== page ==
Boundaries

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This is part 3!  Part 1 can be found here and part 2 can be found here.

To recap, once you know you’re in a relationship with an abuser and you’ve realized you need to hold them accountable, the next step is developing some healthy boundaries.

Boundaries are healthy and keep us physically and emotionally safe.

It’s so important to teach children about boundaries from a very young age. They don’t have a ton of property they own but they absolutely own their own bodies and have a right to decide how to use them. Don’t force a child to be affectionate with someone if they don’t want to be. Once your children are old enough to be independent in the bathroom they absolutely have a right to privacy! I’ve heard stories about dads who remove locks from bathroom doors because he doesn’t want to allow his children any privacy! Remember, abuse is all about power and control.

Abusers hate boundaries!

To protect yourself from an abuser you MUST enforce boundaries. They will do everything they can to convince you that you shouldn’t have boundaries or that your boundaries are unfair. This is further proof that you are dealing with an abuser.

I was watching re-runs of the Office last night and in the episode Jim was in Florida for work with some co-workers and his wife Pam was back at home. He befriended a woman but one night she came to his hotel room in a t-shirt and shorts with a story that they were fixing the heat in her room.  She wanted to hang out in his room while she waited. Jim said yes, but his guard went up immediately when she hopped right onto his bed. She continued to test his boundaries by taking a shower in his room, coming out in a robe and then snuggling up close to him under the sheets. That was the last straw and he finally jumped up and told her he was married and that her behavior was unacceptable. Before he finally confronted her we could see him growing increasingly uncomfortable and this is how we know someone is violating our boundaries.  We can feel it!

Other examples of boundary violations include financial “gifts” that people give expecting control in return. It is not a boundary violation for a parent to threaten not to pay college tuition if a kid can’t get his grades up, but it IS a boundary violation to only pay a kids college tuition if they go into the program of the parent’s choosing.

If a kid wants to be a teacher and the parents only will pay for med school, the kid has to decline the money and pay his own way or take out loans to get out from under the abuse.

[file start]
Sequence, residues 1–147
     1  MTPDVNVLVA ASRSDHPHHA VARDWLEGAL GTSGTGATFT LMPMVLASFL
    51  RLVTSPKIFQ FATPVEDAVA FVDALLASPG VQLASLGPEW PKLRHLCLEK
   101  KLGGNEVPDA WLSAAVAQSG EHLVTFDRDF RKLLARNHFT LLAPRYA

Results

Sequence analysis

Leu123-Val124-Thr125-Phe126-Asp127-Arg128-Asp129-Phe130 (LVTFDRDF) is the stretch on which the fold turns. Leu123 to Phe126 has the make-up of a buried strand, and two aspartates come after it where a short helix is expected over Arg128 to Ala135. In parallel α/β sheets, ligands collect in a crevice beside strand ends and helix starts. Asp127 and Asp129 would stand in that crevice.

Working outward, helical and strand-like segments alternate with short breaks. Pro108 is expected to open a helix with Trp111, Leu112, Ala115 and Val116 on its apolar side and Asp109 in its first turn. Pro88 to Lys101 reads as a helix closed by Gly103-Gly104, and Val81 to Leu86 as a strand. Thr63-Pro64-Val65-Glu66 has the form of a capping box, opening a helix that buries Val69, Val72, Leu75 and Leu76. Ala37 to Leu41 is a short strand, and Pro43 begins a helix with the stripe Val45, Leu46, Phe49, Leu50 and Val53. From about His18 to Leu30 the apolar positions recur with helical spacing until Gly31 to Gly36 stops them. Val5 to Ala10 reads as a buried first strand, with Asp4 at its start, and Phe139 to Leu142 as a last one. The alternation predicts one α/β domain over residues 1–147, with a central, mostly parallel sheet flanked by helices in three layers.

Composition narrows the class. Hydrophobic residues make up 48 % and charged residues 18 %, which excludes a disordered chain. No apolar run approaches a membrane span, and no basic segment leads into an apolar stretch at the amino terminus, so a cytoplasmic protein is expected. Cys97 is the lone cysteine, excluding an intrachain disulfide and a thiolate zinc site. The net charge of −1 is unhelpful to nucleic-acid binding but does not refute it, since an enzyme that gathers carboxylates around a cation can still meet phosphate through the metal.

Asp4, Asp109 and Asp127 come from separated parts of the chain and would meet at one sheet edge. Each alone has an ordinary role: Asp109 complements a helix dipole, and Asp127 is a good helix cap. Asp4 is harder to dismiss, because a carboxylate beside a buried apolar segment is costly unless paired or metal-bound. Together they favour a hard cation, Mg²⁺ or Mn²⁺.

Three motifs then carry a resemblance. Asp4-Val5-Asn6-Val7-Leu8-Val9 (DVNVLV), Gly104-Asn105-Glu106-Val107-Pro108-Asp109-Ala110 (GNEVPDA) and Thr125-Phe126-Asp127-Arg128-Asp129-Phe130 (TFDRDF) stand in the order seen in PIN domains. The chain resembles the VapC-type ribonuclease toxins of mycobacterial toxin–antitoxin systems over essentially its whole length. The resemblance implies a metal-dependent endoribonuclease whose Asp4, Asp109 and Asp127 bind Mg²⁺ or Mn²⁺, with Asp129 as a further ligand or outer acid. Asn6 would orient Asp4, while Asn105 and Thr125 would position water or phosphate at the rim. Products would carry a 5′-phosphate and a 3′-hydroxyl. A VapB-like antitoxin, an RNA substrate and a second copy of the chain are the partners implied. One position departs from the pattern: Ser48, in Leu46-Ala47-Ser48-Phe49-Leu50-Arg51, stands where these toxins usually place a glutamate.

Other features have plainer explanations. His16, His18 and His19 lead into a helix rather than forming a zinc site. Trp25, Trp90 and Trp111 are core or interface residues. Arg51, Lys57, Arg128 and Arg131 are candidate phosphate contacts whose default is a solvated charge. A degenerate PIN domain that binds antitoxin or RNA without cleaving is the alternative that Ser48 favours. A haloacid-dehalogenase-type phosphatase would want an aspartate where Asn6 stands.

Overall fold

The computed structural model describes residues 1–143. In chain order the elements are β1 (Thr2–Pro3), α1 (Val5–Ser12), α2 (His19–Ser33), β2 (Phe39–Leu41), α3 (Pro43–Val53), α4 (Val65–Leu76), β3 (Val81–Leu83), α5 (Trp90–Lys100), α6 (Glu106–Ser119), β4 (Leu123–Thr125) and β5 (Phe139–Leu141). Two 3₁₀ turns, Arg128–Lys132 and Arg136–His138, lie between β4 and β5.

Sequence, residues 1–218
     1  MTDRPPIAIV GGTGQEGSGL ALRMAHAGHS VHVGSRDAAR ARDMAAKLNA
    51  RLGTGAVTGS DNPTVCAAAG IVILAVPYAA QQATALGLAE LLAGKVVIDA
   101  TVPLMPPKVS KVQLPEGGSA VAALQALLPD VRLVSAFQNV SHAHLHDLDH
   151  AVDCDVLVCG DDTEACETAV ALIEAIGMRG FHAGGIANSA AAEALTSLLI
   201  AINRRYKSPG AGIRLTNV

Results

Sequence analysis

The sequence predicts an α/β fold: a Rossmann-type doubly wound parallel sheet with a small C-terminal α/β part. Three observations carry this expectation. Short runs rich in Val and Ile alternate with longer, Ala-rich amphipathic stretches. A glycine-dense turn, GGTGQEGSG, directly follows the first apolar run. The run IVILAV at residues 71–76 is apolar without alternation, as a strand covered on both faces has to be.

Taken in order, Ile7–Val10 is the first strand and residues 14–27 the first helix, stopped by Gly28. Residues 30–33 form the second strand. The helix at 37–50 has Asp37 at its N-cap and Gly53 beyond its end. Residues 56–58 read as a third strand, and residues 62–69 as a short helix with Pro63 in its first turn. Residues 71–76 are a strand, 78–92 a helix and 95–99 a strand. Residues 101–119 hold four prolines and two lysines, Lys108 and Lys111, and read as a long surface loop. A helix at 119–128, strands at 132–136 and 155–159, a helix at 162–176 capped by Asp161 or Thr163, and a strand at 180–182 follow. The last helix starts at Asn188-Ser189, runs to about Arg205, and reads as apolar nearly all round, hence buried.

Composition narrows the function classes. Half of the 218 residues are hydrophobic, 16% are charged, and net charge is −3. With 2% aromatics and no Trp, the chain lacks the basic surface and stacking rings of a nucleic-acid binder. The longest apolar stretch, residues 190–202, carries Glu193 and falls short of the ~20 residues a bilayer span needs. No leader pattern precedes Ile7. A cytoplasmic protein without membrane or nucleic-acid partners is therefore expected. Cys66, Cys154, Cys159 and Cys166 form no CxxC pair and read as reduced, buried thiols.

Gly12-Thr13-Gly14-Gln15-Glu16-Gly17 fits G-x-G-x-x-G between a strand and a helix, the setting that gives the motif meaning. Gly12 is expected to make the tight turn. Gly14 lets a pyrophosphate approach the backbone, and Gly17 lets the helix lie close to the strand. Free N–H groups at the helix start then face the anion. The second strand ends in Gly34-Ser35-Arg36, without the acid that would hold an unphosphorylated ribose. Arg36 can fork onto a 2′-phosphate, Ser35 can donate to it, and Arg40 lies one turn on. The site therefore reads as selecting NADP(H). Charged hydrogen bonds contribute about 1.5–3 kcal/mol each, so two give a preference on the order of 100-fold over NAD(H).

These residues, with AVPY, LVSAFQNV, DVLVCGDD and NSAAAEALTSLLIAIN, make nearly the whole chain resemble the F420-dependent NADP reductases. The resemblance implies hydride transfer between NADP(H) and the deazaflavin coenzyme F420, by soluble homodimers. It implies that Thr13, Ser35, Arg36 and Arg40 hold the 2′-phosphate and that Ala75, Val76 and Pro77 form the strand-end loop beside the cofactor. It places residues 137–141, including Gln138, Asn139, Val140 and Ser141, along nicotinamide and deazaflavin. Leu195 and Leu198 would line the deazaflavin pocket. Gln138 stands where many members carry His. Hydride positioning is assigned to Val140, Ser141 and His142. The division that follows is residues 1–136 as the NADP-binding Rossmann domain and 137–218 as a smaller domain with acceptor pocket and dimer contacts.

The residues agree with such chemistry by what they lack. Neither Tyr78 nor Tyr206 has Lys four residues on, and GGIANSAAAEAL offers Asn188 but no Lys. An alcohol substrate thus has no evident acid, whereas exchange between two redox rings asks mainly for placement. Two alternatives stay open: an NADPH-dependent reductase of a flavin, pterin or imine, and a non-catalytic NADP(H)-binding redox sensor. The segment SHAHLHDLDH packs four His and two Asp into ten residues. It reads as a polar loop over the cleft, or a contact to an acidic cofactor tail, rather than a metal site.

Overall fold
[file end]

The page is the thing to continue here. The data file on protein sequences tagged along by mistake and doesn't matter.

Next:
As an adult, we leave our father and mother and become one with our spouse, therefore starting our own family unit. Your parents do not have a right to make demands of you and your new family that do not align with your values on your time, money or children. You have to say no to financial gifts that come with strings attached.

Back to my story with my abuser; one day he lost his job and arrived home drunk and he and his wife got into an argument and he took off on foot. Once again, many people were very worried about him and tried calling to check on him and he waited until the wee hours of the night before letting anyone know he was ok. I was finally at the point that I could no longer just accept his apology and pretend everything was fine.

I made it clear that I believed he needed to go through an intense, in-house rehab. Of course he had all these excuses for why he couldn’t go.  The truth of it was that he didn’t want to go. He wanted to apologize for getting caught again and then go back to hiding and lying.

When abusers are caught or know they went too far they often go through “compliance” for a bit to try to win you back. In their heart, they KNOW they have no real intention of changing but they know they need to be on their best behavior just long enough to get you to let down your guard again.

My abuser said he was sorry and started going to AA meetings and to a religious counselor with his wife. This is the same old song and dance he had been doing for years and I didn’t believe him. I had no reason to!  If someone is a repeat offender, they absolutely should understand that they have to EARN your trust back.  If they demand you to move on right away, that is PROOF that they are not changing at all.

So I stuck to my boundary. I told him he was not welcome at my house anymore unless he went to rehab or I saw some real changes in his behavior.

So a couple months passed and not spending time with him proved to be very good for me! I was less anxious, sleeping better and felt I was a better mom and wife without him in my space. He texted me one day and immediately my mood darkened. He said he had been sober for 8 weeks now and he was going to counseling and AA meetings, so couldn’t he come visit? That wasn’t my deal. He was trying to get me to break my boundary. I held firm.

So how do you know when someone is really changing? How does the church sometimes hurt instead of help when dealing with abusers?  I’ll cover that next.

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